Budgeting is the process of creating a plan to spend your money. This spending plan is called a budget. Creating this spending plan allows you to determine in advance whether you will have enough money to do the things you need to do or would like to do. Budgeting is simply balancing your expenses with your income.
Performance Based Budgeting  attempts to solve decision making problems based on a programs ability  to convert inputs to outputs and/or use inputs to affect certain  outcomes. whatever Performance may be judged by a certain program's  ability to meet certain objectives that contribute to a more abstract  goal as calculated by that program's ability to use resources (or  inputs) efficiently—by linking inputs to outputs—and/or effectively—by  linking inputs to outcomes. A decision making—or allocation of scarce  resources—problem is solved by determining which project maximizes  efficiency and efficacy.

 Zero-based budgeting  is a response to an incremental decision making process whereby the  budget of a given fiscal year (FY) is largely decided upon by the  existing budget of FY-1. In contrast to incrementalism,  the allocation of scarce resources—funding—is determined from a  zero-sum accounting method. In government, each function of a  department's section proposes certain objectives that relate to some  goal the section could achieve if allocated x dollars.
 Flexible Freeze is a budgeting approach pioneered by  President George H. W. Bush as a means to cut government spending. Under  this approach, certain programs would be affected by changes in  population growth and inflation.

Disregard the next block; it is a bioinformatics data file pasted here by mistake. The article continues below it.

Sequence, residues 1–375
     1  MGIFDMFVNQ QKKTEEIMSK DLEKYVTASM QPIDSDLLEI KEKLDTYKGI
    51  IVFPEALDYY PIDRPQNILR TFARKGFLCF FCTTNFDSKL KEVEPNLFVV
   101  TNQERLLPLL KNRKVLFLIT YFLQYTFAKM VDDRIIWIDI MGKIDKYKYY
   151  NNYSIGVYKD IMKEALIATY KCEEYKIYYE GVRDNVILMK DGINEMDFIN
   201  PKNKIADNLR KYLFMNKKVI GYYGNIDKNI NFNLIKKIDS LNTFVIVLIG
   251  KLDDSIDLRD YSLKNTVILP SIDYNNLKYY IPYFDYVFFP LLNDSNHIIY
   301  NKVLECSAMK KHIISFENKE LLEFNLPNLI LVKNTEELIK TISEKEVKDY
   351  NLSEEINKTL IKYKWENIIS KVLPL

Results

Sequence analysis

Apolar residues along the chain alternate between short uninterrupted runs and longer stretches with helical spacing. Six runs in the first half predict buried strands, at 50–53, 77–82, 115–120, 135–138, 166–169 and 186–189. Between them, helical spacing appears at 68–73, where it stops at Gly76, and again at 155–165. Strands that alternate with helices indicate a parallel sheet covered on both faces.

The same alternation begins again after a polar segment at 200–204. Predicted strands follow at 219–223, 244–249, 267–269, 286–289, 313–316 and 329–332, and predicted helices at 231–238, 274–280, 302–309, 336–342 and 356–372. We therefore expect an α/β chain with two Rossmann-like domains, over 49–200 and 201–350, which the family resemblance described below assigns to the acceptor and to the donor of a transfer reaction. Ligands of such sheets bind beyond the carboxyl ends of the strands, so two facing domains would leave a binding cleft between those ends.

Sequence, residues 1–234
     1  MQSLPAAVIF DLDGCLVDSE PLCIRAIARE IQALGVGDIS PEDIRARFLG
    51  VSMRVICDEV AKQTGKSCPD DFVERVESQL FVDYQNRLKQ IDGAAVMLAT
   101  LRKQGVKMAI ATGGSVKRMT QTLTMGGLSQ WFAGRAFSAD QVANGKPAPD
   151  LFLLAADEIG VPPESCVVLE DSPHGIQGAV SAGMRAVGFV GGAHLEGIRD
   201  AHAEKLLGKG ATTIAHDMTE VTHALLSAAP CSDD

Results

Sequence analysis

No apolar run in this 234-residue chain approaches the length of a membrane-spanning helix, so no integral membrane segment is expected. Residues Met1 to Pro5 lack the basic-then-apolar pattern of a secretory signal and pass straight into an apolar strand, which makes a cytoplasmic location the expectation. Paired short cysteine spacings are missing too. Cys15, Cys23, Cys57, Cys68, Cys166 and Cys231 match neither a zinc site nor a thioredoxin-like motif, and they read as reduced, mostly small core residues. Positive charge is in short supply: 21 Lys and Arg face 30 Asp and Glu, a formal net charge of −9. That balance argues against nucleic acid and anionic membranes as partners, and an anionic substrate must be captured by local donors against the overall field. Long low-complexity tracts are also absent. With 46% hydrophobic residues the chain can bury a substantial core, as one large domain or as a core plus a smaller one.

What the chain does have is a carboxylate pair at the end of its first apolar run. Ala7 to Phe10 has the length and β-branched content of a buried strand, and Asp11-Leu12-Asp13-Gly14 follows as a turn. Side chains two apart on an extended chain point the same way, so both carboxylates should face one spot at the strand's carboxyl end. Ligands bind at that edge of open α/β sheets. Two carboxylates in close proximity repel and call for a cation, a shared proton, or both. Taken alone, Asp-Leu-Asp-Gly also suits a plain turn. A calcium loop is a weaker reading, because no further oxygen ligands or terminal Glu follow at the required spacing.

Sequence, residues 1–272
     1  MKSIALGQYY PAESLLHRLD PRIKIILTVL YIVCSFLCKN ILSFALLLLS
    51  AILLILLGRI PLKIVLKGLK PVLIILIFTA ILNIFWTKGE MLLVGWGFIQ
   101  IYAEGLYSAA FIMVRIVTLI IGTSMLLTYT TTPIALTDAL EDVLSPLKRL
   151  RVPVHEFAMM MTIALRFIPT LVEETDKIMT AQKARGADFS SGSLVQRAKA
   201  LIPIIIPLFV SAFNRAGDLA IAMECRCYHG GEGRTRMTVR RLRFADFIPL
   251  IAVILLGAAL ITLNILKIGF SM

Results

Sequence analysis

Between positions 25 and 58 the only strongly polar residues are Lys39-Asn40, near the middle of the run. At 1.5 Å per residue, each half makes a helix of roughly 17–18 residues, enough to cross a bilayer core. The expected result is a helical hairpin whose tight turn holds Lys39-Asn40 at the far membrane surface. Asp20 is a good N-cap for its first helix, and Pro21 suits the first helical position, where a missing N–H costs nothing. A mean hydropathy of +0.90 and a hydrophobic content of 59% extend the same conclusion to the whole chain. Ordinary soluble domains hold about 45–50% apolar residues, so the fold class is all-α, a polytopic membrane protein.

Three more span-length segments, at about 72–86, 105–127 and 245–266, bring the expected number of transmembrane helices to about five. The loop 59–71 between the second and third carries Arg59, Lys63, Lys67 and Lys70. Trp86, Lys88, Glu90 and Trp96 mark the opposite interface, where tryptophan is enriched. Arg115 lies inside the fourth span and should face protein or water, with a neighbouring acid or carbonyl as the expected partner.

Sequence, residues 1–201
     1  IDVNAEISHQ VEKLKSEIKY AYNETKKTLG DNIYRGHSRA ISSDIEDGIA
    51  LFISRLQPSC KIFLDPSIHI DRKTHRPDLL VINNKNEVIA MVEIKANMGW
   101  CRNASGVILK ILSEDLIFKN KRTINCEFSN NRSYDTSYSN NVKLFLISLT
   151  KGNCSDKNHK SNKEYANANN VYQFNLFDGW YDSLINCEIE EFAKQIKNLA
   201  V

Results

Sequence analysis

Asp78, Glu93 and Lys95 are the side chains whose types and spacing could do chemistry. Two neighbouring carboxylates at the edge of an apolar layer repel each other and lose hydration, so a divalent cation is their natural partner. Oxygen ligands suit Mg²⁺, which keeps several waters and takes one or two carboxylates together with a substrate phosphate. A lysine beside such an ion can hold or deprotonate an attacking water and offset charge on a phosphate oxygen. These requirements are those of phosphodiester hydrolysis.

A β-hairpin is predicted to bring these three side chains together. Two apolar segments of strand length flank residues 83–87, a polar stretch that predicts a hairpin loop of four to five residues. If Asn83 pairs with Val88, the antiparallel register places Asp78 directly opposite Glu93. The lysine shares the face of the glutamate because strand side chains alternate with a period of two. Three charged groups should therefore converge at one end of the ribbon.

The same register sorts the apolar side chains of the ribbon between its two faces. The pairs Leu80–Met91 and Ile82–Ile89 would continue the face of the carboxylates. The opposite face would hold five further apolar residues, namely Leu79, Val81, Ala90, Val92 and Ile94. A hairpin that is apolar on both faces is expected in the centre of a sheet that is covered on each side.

Program Assessment Rating Tool (P.A.R.T.)  is an instrument developed by the United States OMB to measure and  assess the effectiveness of federal programs that review the program’s  purpose and design, strategic planning, program management, and program  results and accountability. The scores are rated from effective (ranging  between 85 and 100 points), moderately affective (70-84 points),  adequate (50-69 points), and ineffective (0-49 points).

 Priority Based Budgeting is a response to poor economic  conditions.  As opposed to incremental budgeting, where resource  allocation is determined based on marginal shifts in costs, priority  based budgeting fixes the amount of governmental resources and then  allocates resources across the various programs.  The programs receive  their allocation based on their priority; priorities may include safe  and secure communities, health, education, and community development  among others.  Outcome assessment then determines the efficacy of the  programs.  Although this approach is pro-democratic, critics suggest the  administration of this process is extremely difficult.
See also
Budget
 Budget process
 Budget theory
 Constitutional economics
 Political economy